Tasmania’s geographic isolation and climate variation has allowed for the evolution of a very unique and diverse population of flora and fauna with a high proportion of endemic species. Much of Tasmania’s flora has an ancient ancestry that is related to plant species found in South America and New Zealand, dating back to the historical geological period when Tasmania was connected to the Gondwana supercontinent approximately 50 million years ago. The extremely diverse vegetation of Tasmania includes dry grasslands, abundant ferns, tall eucalyptus forests, and large areas of cool temperate rainforests. The Huon pine, a native conifer species endemic to Tasmania, has been recorded to live for up to 3,000 years, making it one of the oldest tree species on earth. The Mountain Ash (Eucalyptus regnans) can reach heights of greater than 100 meters, making it the tallest flowering plant on earth and one of the tallest growing tree species in the world as well. The fauna of Tasmania is similarly unique and fascinating. Tasmania is home to 12 endemic bird species (including the Yellow Wattlebird), 3 endemic frog species, and the Tasmanian devil, a carnivorous marsupial found only on Tasmania. Several other remarkable species such as the echidna, platypus, and Eastern grey kangaroo also live on the island of Tasmania.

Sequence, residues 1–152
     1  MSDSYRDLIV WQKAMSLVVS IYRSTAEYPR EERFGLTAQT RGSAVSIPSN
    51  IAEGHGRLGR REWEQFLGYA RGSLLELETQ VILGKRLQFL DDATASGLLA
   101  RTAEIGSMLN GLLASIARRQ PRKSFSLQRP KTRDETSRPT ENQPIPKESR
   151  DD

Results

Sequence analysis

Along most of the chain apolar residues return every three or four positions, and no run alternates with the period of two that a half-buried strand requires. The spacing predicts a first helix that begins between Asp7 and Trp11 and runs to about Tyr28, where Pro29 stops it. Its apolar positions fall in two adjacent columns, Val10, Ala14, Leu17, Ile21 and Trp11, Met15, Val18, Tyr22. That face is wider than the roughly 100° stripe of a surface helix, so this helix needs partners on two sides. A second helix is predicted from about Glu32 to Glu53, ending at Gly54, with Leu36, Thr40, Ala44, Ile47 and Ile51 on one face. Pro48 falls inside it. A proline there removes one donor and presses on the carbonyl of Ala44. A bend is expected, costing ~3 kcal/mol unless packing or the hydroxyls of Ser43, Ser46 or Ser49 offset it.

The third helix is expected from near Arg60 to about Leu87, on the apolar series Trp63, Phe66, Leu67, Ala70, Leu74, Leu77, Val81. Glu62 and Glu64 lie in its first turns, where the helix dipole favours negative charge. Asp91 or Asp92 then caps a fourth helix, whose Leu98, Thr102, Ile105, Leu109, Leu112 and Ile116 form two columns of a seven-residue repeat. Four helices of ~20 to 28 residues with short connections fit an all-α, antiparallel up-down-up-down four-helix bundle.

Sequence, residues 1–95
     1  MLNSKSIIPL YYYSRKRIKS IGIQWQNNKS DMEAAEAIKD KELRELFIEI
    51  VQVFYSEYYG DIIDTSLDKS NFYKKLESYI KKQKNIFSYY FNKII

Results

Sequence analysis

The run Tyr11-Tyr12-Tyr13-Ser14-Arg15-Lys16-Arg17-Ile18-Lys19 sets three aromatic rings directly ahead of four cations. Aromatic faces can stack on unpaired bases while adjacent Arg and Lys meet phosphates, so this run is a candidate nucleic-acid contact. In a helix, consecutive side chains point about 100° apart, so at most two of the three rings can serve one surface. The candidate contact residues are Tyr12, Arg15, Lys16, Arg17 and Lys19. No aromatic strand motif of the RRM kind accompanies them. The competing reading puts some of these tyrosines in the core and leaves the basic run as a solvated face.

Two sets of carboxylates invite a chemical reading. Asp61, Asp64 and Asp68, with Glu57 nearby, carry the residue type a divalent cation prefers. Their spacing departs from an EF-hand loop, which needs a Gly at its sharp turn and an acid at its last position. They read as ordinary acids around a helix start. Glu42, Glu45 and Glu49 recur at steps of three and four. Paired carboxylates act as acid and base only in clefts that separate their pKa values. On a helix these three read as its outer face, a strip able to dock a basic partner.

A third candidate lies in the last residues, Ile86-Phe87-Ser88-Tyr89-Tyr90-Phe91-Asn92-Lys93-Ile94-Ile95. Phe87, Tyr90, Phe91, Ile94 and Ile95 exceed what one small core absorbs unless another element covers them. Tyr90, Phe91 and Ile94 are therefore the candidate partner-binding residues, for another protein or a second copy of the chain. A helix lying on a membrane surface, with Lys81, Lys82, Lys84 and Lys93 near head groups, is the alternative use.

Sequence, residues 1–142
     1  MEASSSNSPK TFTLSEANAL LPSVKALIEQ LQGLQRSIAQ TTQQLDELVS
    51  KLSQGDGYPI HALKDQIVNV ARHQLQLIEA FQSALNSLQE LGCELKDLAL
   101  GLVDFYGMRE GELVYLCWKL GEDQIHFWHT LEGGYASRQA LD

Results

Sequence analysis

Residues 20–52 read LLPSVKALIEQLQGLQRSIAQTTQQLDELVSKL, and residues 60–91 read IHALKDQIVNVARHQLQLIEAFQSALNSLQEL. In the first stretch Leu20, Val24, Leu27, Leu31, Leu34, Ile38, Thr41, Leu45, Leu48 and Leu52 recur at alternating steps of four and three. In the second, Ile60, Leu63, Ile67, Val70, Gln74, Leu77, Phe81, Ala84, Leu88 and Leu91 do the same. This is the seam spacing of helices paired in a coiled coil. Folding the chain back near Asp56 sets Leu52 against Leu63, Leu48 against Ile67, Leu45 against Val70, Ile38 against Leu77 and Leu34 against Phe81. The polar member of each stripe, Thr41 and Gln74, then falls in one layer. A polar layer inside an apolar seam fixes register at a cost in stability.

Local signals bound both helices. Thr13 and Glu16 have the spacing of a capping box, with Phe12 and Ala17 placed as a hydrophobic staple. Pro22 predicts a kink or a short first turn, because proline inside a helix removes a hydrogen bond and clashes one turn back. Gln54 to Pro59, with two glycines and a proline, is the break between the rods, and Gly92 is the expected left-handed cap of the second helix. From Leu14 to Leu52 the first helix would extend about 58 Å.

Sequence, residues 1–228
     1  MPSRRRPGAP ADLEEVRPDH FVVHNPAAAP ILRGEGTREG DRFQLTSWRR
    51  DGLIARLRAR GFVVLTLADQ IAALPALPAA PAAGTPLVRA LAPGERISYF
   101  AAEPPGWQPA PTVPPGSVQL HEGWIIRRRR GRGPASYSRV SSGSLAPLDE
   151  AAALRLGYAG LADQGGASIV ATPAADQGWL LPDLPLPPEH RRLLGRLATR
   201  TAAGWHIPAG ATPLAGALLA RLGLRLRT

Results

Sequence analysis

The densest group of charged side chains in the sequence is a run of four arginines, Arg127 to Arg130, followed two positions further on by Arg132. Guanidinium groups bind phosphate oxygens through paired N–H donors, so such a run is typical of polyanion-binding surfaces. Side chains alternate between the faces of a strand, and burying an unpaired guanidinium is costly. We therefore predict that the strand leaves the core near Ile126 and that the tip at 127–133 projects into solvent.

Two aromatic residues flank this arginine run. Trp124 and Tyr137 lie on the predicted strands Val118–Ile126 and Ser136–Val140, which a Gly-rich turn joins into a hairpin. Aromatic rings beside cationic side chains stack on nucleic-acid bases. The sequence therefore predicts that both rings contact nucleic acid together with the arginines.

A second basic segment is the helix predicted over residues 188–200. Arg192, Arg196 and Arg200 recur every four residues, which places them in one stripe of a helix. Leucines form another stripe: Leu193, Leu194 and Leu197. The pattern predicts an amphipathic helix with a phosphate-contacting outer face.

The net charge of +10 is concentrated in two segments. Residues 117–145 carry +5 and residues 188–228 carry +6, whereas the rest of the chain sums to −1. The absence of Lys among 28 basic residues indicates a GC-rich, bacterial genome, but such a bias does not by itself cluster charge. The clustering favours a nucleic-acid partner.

The discovery of valuable minerals on Tasmania in the late 1800s and the development of hydroelectric energy in the early twentieth century posed a serious threat to Tasmania’s natural environment. The mining boom and industrial development led to heavy exploitation of Tasmania’s natural resources, including a significant depletion of its forests for timber resources. Then, in the late 1960s and early 1970s, the proposed flooding of Lake Pedder for the construction of a hydroelectric dam project sparked a wave of environmental activism in Tasmania. Many Tasmanians opposed the hydroelectric dam project because of the environmental impact that it would have on Lake Pedder and the surrounding ecosystem, and the citizens’ response in opposition to the dam project inspired a new-found enthusiasm for wilderness conservation that prompted the enactment of the modern legislation that would help establish Tasmania’s network of nature reserves.